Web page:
Muscle atrophy begins by becoming slightly, but it can become more serious over time. It is important to address this condition as early diagnosis and treatment can be helpful to avoid more serious conditions such as heart failure which can result from this problem.
It is the loss or wasting of muscle tissue throughout the body. There are two basic ways in which this disease can form. The most severe form of this disease is neurogenic atrophy, a disease caused when an injury or disease harms the nerve which attaches to the muscle. This damage can occur quite suddenly. The second type of this disease is disuse atrophy which is caused by a lack of physical activity. When your muscles are not used often or movement is limited, your muscles can be damaged. This is a significant concern for those who are bedridden.
Disused muscle atrophy is rather self-explanatory. Any sedentary lifestyle that results in very little exercise can promote muscle wasting. The less muscles that are used, the more serious the concern for developing this disease is. This can also cause heart trouble because the heart is also a muscle which can begin to break down if it is not properly exercised with therapeutic exercise on a regular basis.
Neurogenic muscle atrophy is caused when the nerves attached to the muscle becomes damaged from something such as a stroke, Lou Gehrig's disease or multiple sclerosis. When nerve damage to a muscle is interrupted, it cannot get to the brain peripheral nerves or the spinal cord so that you may not be able to use the muscle properly. If the nerve is compressed due to an injury, this can also result in decreased blood flow to the nerve which can result in the muscle breaking down and becoming damaged.
Weak and flabby muscle - The first sign is that the muscles will become weak and flabby. You may notice that the muscles on your body are not sitting in the same position that they used to or that your skin is starting to stretch from the weight of the muscles hanging in a way that they did not previously. You may also notice that it is becoming difficult to perform exercise routines, basic lifting or other tasks that you were once able to perform. In more severe cases, this may mean that simple tasks such as sitting for a long period of time become more difficult, especially in the case of patients who are bedridden or have an otherwise extremely sedentary lifestyle.
Damaged muscle - In the case of neurogenic muscle atrophy, you may notice a stooped posture where the muscle has become damaged. This can be more difficult to notice initially, but the posture may become more pronounced over time as the condition becomes worse. If something feels abnormal, even if you are not aware of a major shift in your ability to stand upright or hold your body in its normal position, it may be worth having your condition looked at to ensure that nothing is wrong. This is especially relevant if you have recently suffered from an injury that could have had an impact on your nerves which connect to your muscles.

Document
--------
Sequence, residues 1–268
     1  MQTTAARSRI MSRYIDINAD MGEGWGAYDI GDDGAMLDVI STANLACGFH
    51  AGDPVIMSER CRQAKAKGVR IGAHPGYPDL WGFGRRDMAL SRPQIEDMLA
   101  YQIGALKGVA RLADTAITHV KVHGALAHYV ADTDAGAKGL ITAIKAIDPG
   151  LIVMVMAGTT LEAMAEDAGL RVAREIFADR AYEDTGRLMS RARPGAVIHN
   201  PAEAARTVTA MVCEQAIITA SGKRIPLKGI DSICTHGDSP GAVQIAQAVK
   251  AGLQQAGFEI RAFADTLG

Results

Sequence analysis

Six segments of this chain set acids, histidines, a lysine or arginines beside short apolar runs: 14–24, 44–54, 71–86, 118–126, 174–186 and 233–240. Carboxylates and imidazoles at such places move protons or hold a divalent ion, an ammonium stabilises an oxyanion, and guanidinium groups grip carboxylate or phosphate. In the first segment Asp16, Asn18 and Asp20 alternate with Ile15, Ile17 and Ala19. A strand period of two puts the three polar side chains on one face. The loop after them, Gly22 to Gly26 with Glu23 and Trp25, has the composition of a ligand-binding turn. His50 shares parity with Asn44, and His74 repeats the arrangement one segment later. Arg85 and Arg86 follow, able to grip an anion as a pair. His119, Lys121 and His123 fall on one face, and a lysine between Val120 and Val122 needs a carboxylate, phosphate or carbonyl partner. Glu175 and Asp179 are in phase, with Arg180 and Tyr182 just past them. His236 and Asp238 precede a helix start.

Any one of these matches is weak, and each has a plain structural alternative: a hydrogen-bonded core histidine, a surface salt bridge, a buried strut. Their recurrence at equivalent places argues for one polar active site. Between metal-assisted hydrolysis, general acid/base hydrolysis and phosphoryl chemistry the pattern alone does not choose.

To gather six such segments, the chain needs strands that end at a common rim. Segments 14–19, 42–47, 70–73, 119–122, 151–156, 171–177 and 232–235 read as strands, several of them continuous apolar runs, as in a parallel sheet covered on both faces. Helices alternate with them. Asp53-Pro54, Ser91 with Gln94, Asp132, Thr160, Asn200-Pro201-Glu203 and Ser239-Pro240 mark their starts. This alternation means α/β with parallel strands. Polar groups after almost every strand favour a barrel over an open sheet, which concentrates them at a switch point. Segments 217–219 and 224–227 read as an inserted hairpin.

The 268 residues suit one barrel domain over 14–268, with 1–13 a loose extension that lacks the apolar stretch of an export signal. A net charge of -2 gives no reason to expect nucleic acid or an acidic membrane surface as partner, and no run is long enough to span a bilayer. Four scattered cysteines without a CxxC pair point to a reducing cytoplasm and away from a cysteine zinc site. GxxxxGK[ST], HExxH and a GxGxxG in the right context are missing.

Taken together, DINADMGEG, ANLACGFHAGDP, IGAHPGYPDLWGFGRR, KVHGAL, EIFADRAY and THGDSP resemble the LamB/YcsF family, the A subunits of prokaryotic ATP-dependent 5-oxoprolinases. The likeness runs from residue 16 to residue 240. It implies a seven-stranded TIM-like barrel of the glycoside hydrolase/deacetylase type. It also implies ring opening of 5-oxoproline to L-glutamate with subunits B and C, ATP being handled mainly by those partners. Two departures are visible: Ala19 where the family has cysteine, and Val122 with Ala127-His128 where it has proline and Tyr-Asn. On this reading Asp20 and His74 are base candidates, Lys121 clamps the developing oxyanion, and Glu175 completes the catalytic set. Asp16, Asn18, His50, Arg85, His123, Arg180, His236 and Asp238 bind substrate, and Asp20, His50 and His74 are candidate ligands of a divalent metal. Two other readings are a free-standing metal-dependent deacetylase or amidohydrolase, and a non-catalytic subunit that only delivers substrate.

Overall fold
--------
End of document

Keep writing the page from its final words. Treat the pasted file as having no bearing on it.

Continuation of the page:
Pain and difficulty in moving - Patients may also notice that they have frequent back pain or difficulty walking if they begin to develop muscle atrophy. These can be a result of either type of the disease. Other symptoms such as ham string contractures, limited range of neck motion or rigid spine may begin to form as your condition becomes worse. An overall stiffness or difficult, heavy feeling when you attempt to move has also been described by patients. Some of these side effects may be visible as you move, while others are internal so they cannot be witnessed. It is important to make note of whether or not you look differently and how you feel to determine if you may be developing muscle atrophy.
Heart failure - In more extreme cases, you may begin to develop heart failure from muscle atrophy. As muscles become weaker, it can become difficult for your heart to pump as efficiently as before, and it will eventually fail from a lack of use. If your heart begins to race when you attempt to perform physical activity or if it feels as though your heartbeat is labored and these symptoms are combined with an overall sense of weakness, then you should seek out treatment options for your condition right away.
In most cases, exercise can help reverse the effects of muscle atrophy. In the case of severely bedridden patients, you may not be able to completely reverse the effects, but you can help cease the damage which has been done to the body. If your condition is serious, it is important to work with a doctor or therapist to develop a program that will not put excessive amounts of strain on your heart and damaged muscles.
Patients suffering from muscle atrophy caused by nerve damage may require musculoskeletal manipulations in order to relieve the pressure on the nerve which is causing the damage. This will help return the connection to the muscle so that you can begin to work on the progress of working the muscle back to its original state. In the case that the nerve was damaged by an injury, work with your doctor to make sure that you are performing exercises that will not aggravate your condition.